Sanders Joins Rand Paul in Voting Yes on Audit the Fed

Sen. Bernie Sanders (I-VT) (photo credit: Michael Vadon via Flickr, CC BY-SA 2.0)
Sen. Bernie Sanders (I-VT) (photo credit: Michael Vadon via Flickr, CC BY-SA 2.0)

In a sign of how potentially potent the issue of the Federal Reserve and monetary policy still is, the insurgent leader of the Democrats in Iowa and New Hampshire, Bernie Sanders, joined with Rand Paul and most Republicans to vote yes on Paul’s Audit the Fed bill, which was nevertheless scuttled by a majority of Democrats:

Senate Democrats blocked a vote Tuesday on legislation from Sen. Rand Paul, R-Ky., that would have required an audit and greater transparency on monetary policy-making from the Federal Reserve, the powerful central banking system that sets interest rates and manages the money supply.

The bill won near-unanimous Republican support and votes from Sen. Tammy Baldwin, D-Wis., and Vermont independent Sen. Bernie Sanders, who is seeking the Democratic presidential nomination, but fell short of the 60 votes needed for consideration.

In a statement, Sanders explained why he parted ways with most Democrats in voting for the bill:

Too much of the Fed’s business is conducted in secret, known only to the bankers on its various boards and committees. In 2010, I inserted an amendment in Dodd-Frank to audit the emergency lending by the Federal Reserve during the financial crisis. As a result of this audit, we learned that an institution that was created to serve all Americans had been hijacked by the very bankers it regulates.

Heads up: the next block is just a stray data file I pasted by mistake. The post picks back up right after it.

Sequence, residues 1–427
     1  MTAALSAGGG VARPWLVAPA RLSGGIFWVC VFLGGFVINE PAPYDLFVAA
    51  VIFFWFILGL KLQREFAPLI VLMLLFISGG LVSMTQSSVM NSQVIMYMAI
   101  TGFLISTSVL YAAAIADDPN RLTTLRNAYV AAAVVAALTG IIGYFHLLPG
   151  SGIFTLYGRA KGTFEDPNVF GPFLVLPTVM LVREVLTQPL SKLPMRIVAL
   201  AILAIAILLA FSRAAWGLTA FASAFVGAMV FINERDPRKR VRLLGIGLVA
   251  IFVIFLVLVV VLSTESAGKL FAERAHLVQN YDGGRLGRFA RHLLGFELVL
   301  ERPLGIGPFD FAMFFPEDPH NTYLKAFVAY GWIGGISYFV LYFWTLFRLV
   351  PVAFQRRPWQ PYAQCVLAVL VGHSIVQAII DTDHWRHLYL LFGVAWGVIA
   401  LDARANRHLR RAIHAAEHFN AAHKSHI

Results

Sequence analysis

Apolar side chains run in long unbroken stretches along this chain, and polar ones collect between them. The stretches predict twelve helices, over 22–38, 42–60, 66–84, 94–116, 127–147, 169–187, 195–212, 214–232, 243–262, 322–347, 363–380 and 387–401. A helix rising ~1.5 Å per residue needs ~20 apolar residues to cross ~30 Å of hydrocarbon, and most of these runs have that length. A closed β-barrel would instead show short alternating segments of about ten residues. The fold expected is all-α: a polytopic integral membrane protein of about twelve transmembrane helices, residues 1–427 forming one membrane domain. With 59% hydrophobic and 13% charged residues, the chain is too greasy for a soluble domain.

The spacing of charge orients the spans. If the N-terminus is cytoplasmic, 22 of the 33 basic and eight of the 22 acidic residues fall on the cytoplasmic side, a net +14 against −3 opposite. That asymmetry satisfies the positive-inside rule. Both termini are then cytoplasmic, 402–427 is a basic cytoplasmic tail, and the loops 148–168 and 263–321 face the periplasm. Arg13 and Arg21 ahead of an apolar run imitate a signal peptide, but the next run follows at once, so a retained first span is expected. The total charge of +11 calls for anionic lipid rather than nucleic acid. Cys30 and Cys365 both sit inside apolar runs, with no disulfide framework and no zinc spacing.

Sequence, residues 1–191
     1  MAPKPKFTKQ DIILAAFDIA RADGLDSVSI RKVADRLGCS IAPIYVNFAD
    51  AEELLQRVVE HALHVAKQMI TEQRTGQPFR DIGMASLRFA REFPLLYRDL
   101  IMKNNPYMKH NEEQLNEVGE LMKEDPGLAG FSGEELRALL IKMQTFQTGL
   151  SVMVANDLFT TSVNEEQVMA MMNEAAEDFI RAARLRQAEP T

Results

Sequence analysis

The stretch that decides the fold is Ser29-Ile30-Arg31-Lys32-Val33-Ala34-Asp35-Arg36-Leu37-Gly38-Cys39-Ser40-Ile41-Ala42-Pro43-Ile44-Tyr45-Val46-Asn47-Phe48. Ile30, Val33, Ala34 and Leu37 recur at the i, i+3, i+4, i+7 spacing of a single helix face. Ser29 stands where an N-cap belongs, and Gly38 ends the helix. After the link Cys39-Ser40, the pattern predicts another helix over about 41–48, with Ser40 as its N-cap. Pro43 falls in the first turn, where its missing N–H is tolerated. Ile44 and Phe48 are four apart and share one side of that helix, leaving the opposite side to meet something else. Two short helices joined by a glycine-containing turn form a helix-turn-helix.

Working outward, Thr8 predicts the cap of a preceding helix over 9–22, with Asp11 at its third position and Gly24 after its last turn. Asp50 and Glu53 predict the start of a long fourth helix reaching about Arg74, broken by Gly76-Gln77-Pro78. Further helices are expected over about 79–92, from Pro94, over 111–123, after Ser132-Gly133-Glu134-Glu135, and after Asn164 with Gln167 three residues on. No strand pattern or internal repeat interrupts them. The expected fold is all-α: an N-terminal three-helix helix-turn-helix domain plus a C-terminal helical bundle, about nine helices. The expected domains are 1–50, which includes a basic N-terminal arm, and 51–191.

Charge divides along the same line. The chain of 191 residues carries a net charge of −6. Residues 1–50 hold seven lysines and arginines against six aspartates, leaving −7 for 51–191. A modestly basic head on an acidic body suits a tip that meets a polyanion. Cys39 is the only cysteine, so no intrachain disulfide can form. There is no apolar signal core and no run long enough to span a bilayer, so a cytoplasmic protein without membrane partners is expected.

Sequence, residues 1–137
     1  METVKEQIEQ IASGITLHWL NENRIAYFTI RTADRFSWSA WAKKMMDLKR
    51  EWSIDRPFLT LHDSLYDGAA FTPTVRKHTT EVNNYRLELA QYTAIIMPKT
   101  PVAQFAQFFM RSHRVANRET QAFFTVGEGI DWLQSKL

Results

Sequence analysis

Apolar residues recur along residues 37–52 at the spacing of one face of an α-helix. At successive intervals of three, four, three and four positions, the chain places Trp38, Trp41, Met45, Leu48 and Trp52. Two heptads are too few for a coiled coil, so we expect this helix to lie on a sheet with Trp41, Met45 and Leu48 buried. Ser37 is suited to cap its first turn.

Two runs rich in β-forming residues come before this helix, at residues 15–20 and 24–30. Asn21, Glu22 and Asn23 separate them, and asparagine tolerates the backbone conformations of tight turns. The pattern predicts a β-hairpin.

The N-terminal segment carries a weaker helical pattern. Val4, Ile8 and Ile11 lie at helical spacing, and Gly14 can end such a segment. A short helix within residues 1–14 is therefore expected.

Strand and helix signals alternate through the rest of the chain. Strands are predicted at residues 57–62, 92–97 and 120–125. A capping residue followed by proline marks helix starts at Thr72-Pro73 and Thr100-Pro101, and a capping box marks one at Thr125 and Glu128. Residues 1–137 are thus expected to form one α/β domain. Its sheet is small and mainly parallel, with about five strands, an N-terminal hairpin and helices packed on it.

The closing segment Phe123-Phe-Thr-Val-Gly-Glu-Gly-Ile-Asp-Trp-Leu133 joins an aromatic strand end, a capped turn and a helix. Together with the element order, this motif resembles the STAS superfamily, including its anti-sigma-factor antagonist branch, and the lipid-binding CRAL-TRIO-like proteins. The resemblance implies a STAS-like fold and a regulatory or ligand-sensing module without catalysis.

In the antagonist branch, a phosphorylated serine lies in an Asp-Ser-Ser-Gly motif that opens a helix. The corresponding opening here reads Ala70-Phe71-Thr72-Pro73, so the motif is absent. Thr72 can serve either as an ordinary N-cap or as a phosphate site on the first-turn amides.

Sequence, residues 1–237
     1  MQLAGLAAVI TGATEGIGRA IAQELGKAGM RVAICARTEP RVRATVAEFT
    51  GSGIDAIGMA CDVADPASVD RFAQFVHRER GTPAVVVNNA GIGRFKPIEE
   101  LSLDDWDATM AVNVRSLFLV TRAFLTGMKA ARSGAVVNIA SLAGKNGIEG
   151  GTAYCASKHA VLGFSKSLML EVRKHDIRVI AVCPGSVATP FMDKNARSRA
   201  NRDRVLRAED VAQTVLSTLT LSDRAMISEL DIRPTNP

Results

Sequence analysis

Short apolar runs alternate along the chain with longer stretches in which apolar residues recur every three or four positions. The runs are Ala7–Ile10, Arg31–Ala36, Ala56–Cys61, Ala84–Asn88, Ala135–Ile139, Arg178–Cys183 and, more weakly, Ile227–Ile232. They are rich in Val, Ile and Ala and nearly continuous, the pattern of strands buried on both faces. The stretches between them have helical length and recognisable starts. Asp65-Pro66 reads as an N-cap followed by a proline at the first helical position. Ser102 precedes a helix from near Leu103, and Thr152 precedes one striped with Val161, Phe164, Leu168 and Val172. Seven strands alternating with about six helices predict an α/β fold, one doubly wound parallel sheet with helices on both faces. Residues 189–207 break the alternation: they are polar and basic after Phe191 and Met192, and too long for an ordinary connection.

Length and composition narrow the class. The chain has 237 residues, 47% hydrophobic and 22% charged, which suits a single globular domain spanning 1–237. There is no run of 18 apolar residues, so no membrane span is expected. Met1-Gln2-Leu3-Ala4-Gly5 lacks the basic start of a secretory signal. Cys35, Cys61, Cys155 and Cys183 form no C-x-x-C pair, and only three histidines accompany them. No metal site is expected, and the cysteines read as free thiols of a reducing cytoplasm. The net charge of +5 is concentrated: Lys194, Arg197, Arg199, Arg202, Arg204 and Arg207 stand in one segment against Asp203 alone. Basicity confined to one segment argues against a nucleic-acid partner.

We must expand on that first review of the Fed’s activities. Requiring the Government Accountability Office to conduct a full and independent audit of the Fed each and every year, would be an important step towards making the Federal Reserve a more democratic institution that is responsive to the needs of ordinary Americans rather than the billionaires on Wall Street.

As The Hill reported yesterday, Sanders has connected reforming the Fed to his campaign’s more conspicuous push for further oversight of Wall Street:

[W]hile Sanders is a Wall Street scold, he also has plenty of scorn for regulators, such as the Fed, that he views as treating Wall Street with too light a touch.

In December, Sanders wrote in The New York Times that the Fed is in need of fundamental reform, arguing the institution had been “hijacked” by Wall Street banks.

Among the policy prescriptions Sanders put forward was a “full and independent audit” of the Fed annually.

Among other presidential hopefuls, Marco Rubio voted in favor of the measure, while Ted Cruz missed the vote.

Paul Dupont is the managing editor for ThePulse2016.com.